Trail winds through huge boulders, Saguaro forest

Brilliant gems are waiting to be discovered in the deserts around Tucson. On a gorgeous early November morning one was revealed in the Western Tortolita Mountains. Wild Burro Canyon lies near the end of Dove Mountain Road off Tangerine Road, ready to dazzle.

At slightly over 2,700 feet‚ Wild Burro Trail departs the trailhead and drops rapidly into Wild Burro Wash, leading hikers on a northeast heading as it crosses the wash several times in the first mile. Gaining altitude only slightly, the wide, smooth trail passes between North and South Gallery Golf courses. Concern about hiking in a developed area will quickly be forgotten once the trail rounds a few corners.

Wild Burro Trail intersects with Upper and Lower Javelina Trails at just over a mile, just the first of many choices hikers will be asked to make in this vast network of remarkably well cairned, signed and maintained trails.

Challenges hikers love to experience begin at this point. Lower Javelina Trail quickly ascends through hillsides covered with enormous boulders and a forest of Saguaro cacti. It’s a delight to once again visit an area where these giants of the Sonoran Desert not only survive, they thrive.

Following several twists and turns the trail crests a small hill, opening views in the upper reaches of Wild Burro Wash. Soon the canyon will narrow to a steep rubble of boulders, well worn by decades of heavy flooding that have carved and smoothed them. Rapidly descending back into the wash, rejoining Wild Burro Trail, and traveling up canyon will soon bring hikers to the base of the falls.

To this point roughly 2-1/2 miles has been covered. Climbing left out of the wash onto a low plateau reveals a crumbling stone structure, evidence that long ago this spot was someone’s home. The next half mile will challenge, climbing steeply to a point overlooking the narrow canyon. The upper canyon spreads wide with numerous side canyons and tributaries, which, when raining, would pour into the main wash before thundering over the boulder strewn falls.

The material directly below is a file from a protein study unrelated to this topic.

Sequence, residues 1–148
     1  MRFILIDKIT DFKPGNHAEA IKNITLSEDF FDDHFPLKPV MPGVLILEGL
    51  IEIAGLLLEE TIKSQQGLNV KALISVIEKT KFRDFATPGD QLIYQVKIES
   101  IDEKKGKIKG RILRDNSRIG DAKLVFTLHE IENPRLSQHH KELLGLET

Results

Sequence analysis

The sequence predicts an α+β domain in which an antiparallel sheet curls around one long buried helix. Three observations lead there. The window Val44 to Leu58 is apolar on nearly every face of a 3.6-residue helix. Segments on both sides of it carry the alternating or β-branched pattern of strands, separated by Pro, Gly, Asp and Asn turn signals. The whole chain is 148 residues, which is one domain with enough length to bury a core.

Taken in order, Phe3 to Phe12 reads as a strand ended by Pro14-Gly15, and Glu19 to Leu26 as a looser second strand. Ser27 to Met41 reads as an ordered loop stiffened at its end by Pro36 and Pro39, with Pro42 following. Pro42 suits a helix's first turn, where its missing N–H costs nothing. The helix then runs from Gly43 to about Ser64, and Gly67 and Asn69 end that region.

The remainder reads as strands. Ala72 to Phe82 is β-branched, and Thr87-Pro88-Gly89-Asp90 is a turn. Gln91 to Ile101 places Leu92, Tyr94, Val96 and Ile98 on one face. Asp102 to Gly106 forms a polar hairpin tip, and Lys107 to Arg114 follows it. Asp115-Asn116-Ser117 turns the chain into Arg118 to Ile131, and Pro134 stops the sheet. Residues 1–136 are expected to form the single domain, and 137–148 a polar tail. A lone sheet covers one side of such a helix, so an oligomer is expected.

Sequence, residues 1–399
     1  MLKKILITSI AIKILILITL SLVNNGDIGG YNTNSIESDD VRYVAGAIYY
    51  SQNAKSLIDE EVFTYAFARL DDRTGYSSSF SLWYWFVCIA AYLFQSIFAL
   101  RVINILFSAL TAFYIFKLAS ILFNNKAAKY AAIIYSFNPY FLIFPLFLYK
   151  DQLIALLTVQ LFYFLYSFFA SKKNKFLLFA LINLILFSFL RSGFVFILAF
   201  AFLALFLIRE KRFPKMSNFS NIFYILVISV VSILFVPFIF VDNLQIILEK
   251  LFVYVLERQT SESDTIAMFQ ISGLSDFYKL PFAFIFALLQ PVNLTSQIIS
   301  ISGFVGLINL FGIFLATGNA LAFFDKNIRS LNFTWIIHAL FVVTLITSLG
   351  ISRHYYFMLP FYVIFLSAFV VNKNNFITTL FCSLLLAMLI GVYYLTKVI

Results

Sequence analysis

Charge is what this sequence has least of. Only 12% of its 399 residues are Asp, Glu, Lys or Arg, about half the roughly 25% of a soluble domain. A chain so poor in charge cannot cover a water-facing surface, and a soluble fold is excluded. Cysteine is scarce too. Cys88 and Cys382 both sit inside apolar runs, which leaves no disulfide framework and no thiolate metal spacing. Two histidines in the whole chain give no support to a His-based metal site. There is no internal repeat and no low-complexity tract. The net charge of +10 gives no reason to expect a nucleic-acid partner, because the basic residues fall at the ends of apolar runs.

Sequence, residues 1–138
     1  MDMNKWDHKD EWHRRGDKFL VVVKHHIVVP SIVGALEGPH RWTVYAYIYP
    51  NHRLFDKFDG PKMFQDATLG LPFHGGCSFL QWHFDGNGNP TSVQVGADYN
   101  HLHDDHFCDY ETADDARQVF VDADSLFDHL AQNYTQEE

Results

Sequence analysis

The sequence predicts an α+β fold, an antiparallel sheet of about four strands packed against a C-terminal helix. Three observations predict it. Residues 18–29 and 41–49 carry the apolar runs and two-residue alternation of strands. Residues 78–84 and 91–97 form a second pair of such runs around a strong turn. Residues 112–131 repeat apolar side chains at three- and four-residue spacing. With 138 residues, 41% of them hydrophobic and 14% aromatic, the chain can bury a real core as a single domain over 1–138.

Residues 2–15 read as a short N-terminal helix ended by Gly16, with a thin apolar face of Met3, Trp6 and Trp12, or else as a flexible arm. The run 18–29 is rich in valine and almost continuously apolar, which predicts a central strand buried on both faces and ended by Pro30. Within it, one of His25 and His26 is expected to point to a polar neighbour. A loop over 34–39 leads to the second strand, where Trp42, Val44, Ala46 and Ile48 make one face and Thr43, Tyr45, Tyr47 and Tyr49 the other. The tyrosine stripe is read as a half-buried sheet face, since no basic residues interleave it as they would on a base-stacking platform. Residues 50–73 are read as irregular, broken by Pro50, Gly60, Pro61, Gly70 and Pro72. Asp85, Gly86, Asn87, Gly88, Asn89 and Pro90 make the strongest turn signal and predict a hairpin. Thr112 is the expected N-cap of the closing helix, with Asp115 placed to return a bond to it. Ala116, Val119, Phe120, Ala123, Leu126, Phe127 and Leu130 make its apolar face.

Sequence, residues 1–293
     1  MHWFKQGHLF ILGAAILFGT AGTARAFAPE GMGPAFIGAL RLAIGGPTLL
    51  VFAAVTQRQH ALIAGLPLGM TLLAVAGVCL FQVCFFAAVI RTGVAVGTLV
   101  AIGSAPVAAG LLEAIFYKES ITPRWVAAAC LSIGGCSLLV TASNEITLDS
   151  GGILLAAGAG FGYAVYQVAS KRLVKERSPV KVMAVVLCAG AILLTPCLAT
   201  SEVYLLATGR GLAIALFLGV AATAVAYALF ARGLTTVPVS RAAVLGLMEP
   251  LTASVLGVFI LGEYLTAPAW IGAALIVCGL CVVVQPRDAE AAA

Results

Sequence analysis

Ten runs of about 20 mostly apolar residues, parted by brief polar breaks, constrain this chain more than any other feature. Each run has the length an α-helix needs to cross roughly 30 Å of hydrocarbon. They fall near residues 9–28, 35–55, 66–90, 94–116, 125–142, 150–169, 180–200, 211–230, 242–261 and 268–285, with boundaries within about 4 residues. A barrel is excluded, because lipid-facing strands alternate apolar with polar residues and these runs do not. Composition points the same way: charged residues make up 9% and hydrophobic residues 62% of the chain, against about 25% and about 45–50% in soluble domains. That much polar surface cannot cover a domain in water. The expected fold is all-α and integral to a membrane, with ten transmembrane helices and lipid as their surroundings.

Just over three miles in, Wild Burro Trail continues in a northeast direction, eventually joining Wild Mustang Trail, which leads hikers over the higher elevations of the mountains to the north. Breaking off to the south is Alamo Springs Trail, the choice for return to the trailhead this day.

Lunch is enjoyed in the shade of a massive Cottonwood tree. Once hydrated, fed and rested, the return adventure begins as Alamo Springs Trail leads gently up and over a low rise, then dropping toward the main wash. At close to four miles this trail will make a left turn and climb back to the upper reaches of the hills to the south. A short connecting spur rejoins the premier wash just below the disarray of boulders. An adventure to this point during monsoon season would reward with a thundering, electrifying experience.

A couple of miles hiked directly down Wild Burro Wash brings hikers to the trailhead. At my leisurely pace the adventure has covered seven miles in just under 4-1/2 hours. Avoiding too high a focus on the end destination and keeping options open ensures the journey will be fully enjoyed.

A GPS device is a key item in the backpack, along with enough water, food and weather protection. Picking up a map at the Dove Mountain Information Center will assist in deciding which trails to enjoy.

Having covered only a fraction of the many trails in the Tortolita Mountains has fueled a desire to see more. Another trail during another season has to result in another highly enjoyable day on the trail.